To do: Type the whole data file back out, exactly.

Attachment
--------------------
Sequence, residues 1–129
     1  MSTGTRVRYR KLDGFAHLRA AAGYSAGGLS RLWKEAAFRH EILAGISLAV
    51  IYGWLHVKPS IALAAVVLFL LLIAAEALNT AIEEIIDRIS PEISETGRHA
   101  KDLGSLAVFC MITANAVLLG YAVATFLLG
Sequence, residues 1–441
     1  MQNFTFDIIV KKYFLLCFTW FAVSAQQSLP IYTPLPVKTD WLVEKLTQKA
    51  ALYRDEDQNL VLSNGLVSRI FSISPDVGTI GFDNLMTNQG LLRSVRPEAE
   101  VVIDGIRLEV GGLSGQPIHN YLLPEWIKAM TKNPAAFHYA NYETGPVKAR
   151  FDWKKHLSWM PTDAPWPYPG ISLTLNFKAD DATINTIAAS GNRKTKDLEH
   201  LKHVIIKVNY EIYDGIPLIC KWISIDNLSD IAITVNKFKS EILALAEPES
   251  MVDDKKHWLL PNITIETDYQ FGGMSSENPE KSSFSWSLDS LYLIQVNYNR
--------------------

Sequence, residues 1–129
     1  MSTGTRVRYR KLDGFAHLRA AAGYSAGGLS RLWKEAAFRH EILAGISLAV
    51  IYGWLHVKPS IALAAVVLFL LLIAAEALNT AIEEIIDRIS PEISETGRHA
   101  KDLGSLAVFC MITANAVLLG YAVATFLLG
Sequence, residues 1–441
     1  MQNFTFDIIV KKYFLLCFTW FAVSAQQSLP IYTPLPVKTD WLVEKLTQKA
    51  ALYRDEDQNL VLSNGLVSRI FSISPDVGTI GFDNLMTNQG LLRSVRPEAE
   101  VVIDGIRLEV GGLSGQPIHN YLLPEWIKAM TKNPAAFHYA NYETGPVKAR
   151  FDWKKHLSWM PTDAPWPYPG ISLTLNFKAD DATINTIAAS GNRKTKDLEH
   201  LKHVIIKVNY EIYDGIPLIC KWISIDNLSD IAITVNKFKS EILALAEPES
   251  MVDDKKHWLL PNITIETDYQ FGGMSSENPE KSSFSWSLDS LYLIQVNYNR